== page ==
with the most alarming examples in their own hemisphere before them, have hitherto stopped short of the last resort; whether with the increasing magnitude of the object this will continue to be the case is as yet problematical, and dependent upon the good sense, virtue, and moderation of the American people.

CHAPTER XXIV.

Commencement of the administration of 1829—Inaugural address Tenure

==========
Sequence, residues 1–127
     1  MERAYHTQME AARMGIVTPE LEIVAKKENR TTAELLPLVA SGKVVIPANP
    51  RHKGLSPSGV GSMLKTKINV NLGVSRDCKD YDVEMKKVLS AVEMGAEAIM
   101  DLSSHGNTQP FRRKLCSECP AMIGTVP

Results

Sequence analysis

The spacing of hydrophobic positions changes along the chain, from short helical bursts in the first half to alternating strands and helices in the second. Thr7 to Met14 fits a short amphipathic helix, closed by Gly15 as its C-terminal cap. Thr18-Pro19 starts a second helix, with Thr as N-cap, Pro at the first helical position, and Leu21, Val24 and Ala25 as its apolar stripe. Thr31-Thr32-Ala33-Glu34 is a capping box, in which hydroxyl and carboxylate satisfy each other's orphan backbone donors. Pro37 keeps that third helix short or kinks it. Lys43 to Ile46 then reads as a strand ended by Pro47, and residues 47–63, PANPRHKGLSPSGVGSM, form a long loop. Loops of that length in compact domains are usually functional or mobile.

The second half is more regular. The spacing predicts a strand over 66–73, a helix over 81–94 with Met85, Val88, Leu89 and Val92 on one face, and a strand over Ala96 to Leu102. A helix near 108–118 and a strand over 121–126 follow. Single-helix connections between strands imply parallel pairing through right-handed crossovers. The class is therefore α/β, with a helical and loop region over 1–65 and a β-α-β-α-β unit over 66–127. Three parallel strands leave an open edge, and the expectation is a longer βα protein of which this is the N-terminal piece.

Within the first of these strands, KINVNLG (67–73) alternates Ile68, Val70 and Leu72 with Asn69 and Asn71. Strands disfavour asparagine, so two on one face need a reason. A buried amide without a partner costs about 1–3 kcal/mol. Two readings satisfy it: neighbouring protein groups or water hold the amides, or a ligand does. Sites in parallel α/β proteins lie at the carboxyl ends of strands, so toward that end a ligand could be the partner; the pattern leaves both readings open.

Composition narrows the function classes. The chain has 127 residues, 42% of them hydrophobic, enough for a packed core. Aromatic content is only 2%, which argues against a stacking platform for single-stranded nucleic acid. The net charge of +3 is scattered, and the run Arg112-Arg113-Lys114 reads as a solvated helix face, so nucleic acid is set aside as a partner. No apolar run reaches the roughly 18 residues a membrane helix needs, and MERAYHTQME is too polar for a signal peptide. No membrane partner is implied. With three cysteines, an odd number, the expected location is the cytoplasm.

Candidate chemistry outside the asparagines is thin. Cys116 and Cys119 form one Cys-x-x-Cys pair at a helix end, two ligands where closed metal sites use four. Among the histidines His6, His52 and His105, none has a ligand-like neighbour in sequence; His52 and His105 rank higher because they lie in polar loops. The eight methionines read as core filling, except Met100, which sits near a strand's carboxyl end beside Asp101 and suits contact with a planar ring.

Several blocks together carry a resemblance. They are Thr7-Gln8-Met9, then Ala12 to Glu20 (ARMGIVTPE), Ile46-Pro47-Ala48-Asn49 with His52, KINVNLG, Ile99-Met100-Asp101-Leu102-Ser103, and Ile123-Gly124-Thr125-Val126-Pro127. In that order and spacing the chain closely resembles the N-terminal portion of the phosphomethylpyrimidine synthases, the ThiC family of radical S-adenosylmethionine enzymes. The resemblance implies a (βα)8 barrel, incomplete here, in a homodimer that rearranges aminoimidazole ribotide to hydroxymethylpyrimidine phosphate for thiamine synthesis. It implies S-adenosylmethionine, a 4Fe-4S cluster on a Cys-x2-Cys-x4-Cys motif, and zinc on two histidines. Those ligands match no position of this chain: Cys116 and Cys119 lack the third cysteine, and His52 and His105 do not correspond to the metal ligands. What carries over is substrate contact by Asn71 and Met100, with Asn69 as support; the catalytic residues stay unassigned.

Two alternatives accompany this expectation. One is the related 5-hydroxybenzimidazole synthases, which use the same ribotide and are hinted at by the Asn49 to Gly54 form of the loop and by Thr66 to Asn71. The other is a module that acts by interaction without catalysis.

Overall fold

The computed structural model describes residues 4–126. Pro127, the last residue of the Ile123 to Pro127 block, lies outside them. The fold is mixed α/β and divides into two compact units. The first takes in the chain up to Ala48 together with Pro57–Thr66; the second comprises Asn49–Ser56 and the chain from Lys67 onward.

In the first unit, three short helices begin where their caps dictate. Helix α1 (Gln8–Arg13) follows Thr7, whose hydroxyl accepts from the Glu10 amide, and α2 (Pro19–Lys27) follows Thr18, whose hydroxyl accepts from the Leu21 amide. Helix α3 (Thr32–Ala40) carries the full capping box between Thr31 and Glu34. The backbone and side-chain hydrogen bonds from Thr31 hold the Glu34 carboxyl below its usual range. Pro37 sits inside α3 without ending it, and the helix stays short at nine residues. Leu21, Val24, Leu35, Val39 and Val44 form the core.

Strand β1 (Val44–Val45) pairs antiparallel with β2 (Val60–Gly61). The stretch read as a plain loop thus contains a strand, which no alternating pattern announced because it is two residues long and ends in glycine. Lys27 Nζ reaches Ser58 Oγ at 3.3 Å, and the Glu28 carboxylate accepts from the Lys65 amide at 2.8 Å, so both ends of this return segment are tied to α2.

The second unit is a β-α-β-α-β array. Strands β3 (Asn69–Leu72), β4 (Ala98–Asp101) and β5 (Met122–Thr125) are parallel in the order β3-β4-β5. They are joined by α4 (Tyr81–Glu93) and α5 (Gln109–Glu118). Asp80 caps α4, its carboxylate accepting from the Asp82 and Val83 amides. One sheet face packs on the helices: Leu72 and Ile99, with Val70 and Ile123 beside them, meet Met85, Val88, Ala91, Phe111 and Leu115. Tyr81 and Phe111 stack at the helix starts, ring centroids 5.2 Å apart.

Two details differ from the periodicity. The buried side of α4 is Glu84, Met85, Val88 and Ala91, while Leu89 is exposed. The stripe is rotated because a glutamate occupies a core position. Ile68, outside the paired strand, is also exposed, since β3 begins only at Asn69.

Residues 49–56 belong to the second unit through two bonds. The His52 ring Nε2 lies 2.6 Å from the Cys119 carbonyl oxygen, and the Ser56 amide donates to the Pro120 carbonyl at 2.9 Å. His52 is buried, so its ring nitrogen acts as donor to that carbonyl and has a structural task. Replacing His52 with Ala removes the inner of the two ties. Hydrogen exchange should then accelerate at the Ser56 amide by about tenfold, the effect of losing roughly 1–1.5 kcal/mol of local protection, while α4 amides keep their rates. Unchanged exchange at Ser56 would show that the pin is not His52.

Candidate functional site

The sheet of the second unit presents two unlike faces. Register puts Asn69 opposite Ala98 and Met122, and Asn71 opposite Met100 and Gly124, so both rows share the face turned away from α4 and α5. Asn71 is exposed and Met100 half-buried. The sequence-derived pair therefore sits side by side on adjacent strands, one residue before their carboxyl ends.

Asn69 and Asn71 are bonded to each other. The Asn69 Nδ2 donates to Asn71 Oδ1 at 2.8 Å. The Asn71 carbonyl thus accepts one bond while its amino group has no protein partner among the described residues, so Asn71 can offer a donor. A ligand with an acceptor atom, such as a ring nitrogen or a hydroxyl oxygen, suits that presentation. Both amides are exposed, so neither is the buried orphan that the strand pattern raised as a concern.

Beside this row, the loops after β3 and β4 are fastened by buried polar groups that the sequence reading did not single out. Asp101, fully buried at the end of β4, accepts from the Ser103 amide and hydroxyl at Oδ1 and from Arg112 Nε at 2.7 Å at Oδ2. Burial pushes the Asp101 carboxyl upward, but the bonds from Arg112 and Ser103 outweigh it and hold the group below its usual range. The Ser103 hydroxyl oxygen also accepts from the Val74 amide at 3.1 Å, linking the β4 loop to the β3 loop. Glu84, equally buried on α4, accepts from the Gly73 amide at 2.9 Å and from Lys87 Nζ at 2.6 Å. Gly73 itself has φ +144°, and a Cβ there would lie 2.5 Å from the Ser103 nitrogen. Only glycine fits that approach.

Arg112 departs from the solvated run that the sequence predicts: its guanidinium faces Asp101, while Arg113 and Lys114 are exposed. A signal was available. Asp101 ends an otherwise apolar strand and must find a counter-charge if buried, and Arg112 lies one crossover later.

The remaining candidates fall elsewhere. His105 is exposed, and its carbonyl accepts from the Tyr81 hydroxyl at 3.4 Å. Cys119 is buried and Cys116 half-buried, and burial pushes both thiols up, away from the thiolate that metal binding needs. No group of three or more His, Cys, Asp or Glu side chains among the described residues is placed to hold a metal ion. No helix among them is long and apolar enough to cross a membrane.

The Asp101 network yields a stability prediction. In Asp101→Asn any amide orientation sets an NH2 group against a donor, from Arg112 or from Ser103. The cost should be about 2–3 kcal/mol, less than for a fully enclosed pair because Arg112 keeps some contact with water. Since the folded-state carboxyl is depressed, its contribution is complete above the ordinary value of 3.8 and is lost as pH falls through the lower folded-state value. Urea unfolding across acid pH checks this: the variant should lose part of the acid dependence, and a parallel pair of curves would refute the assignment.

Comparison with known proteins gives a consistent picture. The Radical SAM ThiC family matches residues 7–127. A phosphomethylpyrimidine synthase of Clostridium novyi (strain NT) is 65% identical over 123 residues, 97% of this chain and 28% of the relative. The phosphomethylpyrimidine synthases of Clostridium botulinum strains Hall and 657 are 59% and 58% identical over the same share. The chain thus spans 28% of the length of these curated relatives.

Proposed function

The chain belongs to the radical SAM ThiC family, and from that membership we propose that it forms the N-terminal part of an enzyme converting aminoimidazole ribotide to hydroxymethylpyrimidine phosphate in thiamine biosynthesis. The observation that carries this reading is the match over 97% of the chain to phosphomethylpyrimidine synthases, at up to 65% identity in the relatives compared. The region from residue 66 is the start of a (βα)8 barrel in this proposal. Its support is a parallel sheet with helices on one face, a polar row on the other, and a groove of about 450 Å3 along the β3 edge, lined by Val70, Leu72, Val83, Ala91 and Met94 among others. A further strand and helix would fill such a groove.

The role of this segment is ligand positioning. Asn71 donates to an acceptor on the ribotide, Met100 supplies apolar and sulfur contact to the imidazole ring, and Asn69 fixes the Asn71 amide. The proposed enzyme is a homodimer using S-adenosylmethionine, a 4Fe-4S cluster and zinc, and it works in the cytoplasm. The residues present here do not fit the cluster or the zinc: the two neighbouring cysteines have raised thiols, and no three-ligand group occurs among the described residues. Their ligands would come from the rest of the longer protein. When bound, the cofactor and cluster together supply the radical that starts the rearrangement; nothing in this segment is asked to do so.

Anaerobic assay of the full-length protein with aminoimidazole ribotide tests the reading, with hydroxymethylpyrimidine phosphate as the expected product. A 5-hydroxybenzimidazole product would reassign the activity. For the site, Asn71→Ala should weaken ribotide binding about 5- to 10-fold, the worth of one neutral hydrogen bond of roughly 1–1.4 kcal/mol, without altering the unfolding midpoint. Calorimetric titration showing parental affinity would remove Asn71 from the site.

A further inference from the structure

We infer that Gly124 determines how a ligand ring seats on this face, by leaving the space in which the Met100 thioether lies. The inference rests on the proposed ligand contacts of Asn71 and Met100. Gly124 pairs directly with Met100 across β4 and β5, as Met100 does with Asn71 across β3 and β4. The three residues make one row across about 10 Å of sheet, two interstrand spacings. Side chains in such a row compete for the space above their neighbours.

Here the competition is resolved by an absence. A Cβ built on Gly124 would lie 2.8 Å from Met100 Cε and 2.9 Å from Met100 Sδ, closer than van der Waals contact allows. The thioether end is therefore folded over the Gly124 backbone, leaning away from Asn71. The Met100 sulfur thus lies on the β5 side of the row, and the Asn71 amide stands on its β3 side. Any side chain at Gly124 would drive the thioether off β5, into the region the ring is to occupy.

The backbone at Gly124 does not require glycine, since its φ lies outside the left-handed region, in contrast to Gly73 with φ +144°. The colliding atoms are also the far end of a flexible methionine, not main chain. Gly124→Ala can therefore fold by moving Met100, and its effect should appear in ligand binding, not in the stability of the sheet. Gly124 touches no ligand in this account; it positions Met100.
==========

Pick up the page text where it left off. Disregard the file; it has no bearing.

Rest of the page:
of office-Former practice in relation thereto-Meeting of the senate-Nominations-New principle relating to appointment and removal--Adjournment of senate--Removals and appointments in the recess--Meeting of the Virginia convention to revise their constitution--Their proceedings--The revised constitution adopied-First meeting of the 21st congress-Message ---Subjects recommended-Mr. Foots resolution relating to public lands. Debates on various subjects occasioned thereby-Latitude of debate-State of the public domain, and policy relating to it-Reporı of committees relating to the bank-Indian affairs-Debates thereon-Policy of the adininistration relating to them--Proceedings of Georgia-Mr. Mallary's bill_relating to the revenue--Mr. M'Duffie's amendment–Tariff discussion-Proceedings of the senate relating to appointments and removals-Subsidizing the press-Major Barney's case-Report of the retrenchment compiittteeMaysville act-Veto thereon-New principles relating to internal improvements--Rising of congress-President's proceedings in relatiou to a duel New organization of parties.